I have to say I’m a bit disappointed with The Stone Sky. It took me some time to get used to the way the author wrote the Broken Earth trilogy, but by the end of the second book, The Obelisk Gate , I had bought into the premise. The fact that this book had a lot to live up to with the foreshadowing presented in the second book might be why I’m disappointed with the result. After all, I was looking forward to some epic moments involving the moon, which didn’t seem to materialize for me. Now that I’ve finished this trilogy, I’m starting to wonder if the reason it didn’t quite fully click for me was because I was reading it via audiobook. There seemed to be a lot that I missed that would leave me confused about who the characters were, what they were doing, and why they were doing it. Perhaps if I had dedicated time to focusing on these audiobooks instead of listening while I was doing other things, I would have liked the series more. As it stands though, I probably couldn’t tell you what the point of this book was without going back and rereading it.

Ultimately, the Broken Earth trilogy is well written. The language might be a little too poetic at times and the fantasy setting introduces a lot of terminology that was difficult to keep track of, but I can see the appeal of it. The magic system is truly unique, even if the explanation for its origins made less sense than if it was just an unexplainable magic force. I do appreciate that most of the loose ends were wrapped up and either explained or made into moot points by the series’ conclusion. And while the resolution of this trilogy felt a little cliché, at least it provided an ending that most would come to expect from this type of sub-genre.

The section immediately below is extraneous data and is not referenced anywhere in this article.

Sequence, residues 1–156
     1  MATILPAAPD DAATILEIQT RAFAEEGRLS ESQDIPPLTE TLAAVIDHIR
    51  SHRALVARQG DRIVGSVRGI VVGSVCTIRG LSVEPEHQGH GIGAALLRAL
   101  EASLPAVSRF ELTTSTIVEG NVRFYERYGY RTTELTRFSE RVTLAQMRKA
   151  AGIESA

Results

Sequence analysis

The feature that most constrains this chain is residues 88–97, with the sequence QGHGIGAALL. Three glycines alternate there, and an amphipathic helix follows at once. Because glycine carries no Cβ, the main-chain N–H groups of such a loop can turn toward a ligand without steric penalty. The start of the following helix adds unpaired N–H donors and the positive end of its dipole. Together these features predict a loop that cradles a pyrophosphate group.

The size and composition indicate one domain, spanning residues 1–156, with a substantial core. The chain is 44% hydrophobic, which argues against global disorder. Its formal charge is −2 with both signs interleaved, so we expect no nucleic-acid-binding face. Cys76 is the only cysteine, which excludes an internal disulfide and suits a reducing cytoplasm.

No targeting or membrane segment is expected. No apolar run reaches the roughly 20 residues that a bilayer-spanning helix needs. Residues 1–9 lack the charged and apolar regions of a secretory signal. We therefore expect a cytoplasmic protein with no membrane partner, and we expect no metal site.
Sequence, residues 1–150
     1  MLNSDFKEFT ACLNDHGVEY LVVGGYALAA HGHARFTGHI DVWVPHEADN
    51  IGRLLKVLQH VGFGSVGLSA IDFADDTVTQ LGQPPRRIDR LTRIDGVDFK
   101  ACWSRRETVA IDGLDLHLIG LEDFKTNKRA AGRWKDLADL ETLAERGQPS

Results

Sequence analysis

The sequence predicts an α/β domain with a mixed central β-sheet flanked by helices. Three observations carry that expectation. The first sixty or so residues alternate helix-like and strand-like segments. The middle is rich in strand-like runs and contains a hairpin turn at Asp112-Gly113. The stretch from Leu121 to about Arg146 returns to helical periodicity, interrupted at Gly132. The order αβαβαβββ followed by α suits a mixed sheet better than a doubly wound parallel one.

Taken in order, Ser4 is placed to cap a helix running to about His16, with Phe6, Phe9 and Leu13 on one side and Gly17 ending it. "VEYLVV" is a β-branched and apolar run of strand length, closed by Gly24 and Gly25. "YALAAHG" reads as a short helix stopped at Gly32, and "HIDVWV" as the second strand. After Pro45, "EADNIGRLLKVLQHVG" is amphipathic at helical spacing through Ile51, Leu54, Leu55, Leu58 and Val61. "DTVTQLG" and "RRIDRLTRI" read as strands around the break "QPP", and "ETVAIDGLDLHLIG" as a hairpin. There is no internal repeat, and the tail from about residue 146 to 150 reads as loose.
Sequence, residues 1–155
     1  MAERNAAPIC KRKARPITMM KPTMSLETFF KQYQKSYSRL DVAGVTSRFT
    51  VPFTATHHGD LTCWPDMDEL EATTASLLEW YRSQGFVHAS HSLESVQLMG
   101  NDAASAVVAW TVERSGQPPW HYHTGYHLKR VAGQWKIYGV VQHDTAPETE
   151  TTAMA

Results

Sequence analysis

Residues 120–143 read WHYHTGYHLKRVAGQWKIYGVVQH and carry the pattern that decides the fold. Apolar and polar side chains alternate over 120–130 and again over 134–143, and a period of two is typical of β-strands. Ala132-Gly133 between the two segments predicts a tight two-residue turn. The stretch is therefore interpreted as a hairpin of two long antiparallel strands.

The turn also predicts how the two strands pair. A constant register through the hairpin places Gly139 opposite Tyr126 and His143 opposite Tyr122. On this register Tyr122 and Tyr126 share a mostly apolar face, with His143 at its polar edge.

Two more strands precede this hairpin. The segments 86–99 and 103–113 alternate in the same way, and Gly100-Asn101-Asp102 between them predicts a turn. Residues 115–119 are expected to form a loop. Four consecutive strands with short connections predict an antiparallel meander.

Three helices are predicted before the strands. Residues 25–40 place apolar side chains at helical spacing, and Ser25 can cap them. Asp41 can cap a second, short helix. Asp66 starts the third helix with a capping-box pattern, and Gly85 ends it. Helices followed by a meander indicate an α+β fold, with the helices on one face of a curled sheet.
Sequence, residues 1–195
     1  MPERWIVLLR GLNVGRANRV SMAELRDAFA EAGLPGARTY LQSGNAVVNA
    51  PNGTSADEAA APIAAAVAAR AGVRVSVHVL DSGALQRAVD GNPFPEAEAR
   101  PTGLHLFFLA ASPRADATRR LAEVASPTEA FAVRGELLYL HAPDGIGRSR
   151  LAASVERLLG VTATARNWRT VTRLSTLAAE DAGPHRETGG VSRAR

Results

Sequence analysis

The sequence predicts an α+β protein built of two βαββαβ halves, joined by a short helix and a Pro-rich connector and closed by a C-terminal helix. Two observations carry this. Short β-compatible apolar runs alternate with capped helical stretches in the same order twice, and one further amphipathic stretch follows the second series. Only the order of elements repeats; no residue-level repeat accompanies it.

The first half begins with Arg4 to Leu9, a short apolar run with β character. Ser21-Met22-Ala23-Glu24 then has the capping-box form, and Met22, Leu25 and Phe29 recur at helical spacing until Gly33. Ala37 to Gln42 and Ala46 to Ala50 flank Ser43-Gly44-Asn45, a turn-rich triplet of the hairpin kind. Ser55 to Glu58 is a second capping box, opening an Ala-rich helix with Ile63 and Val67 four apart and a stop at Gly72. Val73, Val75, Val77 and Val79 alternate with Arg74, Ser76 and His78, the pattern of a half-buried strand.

A pretty good trilogy wrap-up that might need a second read-through, I give The Stone Sky 3.5 stars out of 5.

Reviewer's Name
Benjamin W.

Book Review: Transcendent Kingdom

Author
Gyasi, Yaa
Rating
5 stars = Bohemian Rhapsody Awesome!
Review

There was no sophomore slump for author Yaa Gyasi, who lit the literary world ablaze with her searing debut novel, Homegoing (2016). That work of historical fiction was deeply personal and her exceptional contemporary follow-up Transcendent Kingdom (2020) draws upon her experiences growing up with Ghanaian parents in in northern Alabama. This powerful and emotionally raw novel centers on Giffy, a fifth-year candidate in neuroscience at Stanford studying reward-seeking behavior in mice and the connections between depression and addiction. Her brother was a gifted high school athlete who died of a heroin overdose after a knee injury left him hooked on OxyContin. Her suicidal, deeply religious mother is bedridden. Dad left long ago. Giffy hopes science will find the why behind the suffering. But she still hungers for her childhood faith and struggles to find a balance between religion and science, hope and despair, living and inertia. It’s a personal journey with a conclusion that will leave you with hope, if not a clear answer.

Reviewer's Name
Joe P.

Book Review: The Color Purple

Author
Walker, Alice
Rating
5 stars = Bohemian Rhapsody Awesome!
Review

I loved this book. Celie, Shug, Nettie, and Sofia were such strong women, facing a hard life and rising above it. Celie in particular has cemented herself in my mind as one of the great female protagonists in all of literature. I love how she didn't let her circumstances squash her spirit. I learned so much about a wide variety of things in this book. I learned a lot about Africa in the 30s leading up to WWII and the desecration of the tribal land by the English. I learned about the treatment of African American women by African American men and about their resilience and bravery. I loved the ending. Perfect.